Calls grow for federalizing government building security

Published 16 April 2010

DHS’s Federal Protective Service (FPS) has a budget of about $1 billion, and employs 1,225 full-time workers and 15,000 contract security guards at more than 2,300 federal facilities nationwide; in fiscal 2009 the service obligated $659 million for guards, the single largest item in its budget; a GAO reports criticizes the work of many of the guards and the contracts which employ them, and lawmakers debate whether to federalize federal buildings security responsibilities

DHS should consider decreasing its reliance on contract guards at federal buildings, Mark Goldstein, director of physical infrastructure issues at the Government Accountability Office, (GAO), told lawmakers on Wednesday.

Goldstein, testifying before the House Homeland Security Committee, said that DHS’ Federal Protective Service (FPS) has failed repeatedly properly to manage its contract workforce and that federalizing security should now be an option. “We recommend that FPS identify other approaches to protecting federal buildings,” Goldstein said.

Government Executive’s Robert Brodsky writes that Wednesday’s hearing comes on the heels of a GAO report that noted undercover agents were able to slip fake guns, knives, and explosives past guards. Since July 2009, FPS conducted fifty-three penetration tests at federal facilities nationwide, according to the report. In more than 66 percent of those tests, guards did not identify the prohibited items, GAO said.

The GAO report noted, for example, that during a November 2009 check at a level IV facility — a high-security building with more than 450 employees — guards missed a phony bomb placed in an agent’s bag. Security spotted a gun and detained the undercover agent during a second test. “However, the FPS inspector was told to stand in a corner and was not handcuffed or searched as required,” the report said. “In addition, while all the guards were focusing on the individual with the fake gun, a second FPS inspector walked through the security checkpoint with two knives without being screened.”

GAO also found FPS failed to punish seven companies previously found to have expired certifications and training requirements. In fact, the agency exercised an option to extend the contracts of the seven firms and cited each of the companies for satisfactory or better service. Of 99 contract companies GAO assessed, 82 had received performance ratings of satisfactory, very good, or exceptional, the report said.

FPS director Gary Schenkel said in certain cases, firms have been assessed financial penalties. Many of the issues GAO cited did not rise to the level of contract termination, he said. The agency has made significant improvements in the performance of its contract and federal workforce, Schenkel added. FPS has increased the frequency of unannounced inspections, bolstered training and worked to ensure contractors are meeting certification requirements, he said. Earlier this week, DHS announced new security standards for all federal buildings.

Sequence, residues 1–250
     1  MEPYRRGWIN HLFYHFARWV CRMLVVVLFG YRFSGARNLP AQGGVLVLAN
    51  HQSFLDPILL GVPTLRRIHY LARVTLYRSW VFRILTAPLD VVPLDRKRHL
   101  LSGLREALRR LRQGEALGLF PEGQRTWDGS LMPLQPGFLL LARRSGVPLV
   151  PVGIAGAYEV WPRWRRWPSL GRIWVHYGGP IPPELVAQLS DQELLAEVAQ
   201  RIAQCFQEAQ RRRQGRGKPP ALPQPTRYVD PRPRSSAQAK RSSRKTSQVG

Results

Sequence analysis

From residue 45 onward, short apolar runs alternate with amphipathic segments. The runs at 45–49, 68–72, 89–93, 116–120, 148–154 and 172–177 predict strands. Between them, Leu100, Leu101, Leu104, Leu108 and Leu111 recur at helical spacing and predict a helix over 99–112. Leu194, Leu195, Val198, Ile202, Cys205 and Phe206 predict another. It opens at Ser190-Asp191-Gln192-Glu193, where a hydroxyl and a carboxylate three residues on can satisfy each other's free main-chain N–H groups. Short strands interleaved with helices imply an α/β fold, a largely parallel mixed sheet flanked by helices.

While we believe we can effectively secure federal buildings with the current mix of highly trained federal staff and contract guards, we have not ruled out the possibility of expanding our federal workforce,” Schenkel testified.

Brodsky notes that FPS has a budget of about $1 billion, and employs 1,225 full-time workers and 15,000 contract security guards at more than 2,300 federal facilities nationwide. In fiscal 2009 the service obligated $659 million for guards, the single largest item in its budget.

Industry officials said federalizing security forces is not the answer. Rather, what was needed was better contractor training and oversight. “Federalizing contract security forces will not change the outcome of poor training,” said Stephen Amitay, federal legislative counsel for the National Association of Security Companies. “When making decisions about federalizing the force, one must look at the root causes of the current deficiencies. And one root cause is poor training administered by the FPS, not necessarily the recipient of the training.”

In a statement that echoed post-9/11 debates about federalizing airport security, former DHS Inspector General Clark Kent Ervin argued that security functions should be a fundamental government responsibility. Contractors, he said, have too much of a financial incentive to cut corners to maximize profits. He said, though, that the TSA experience should tell us that federalizing security functions, in and of itself, is not enough: Many of the early TSA screeners, it was later learned, were not properly vetted or trained.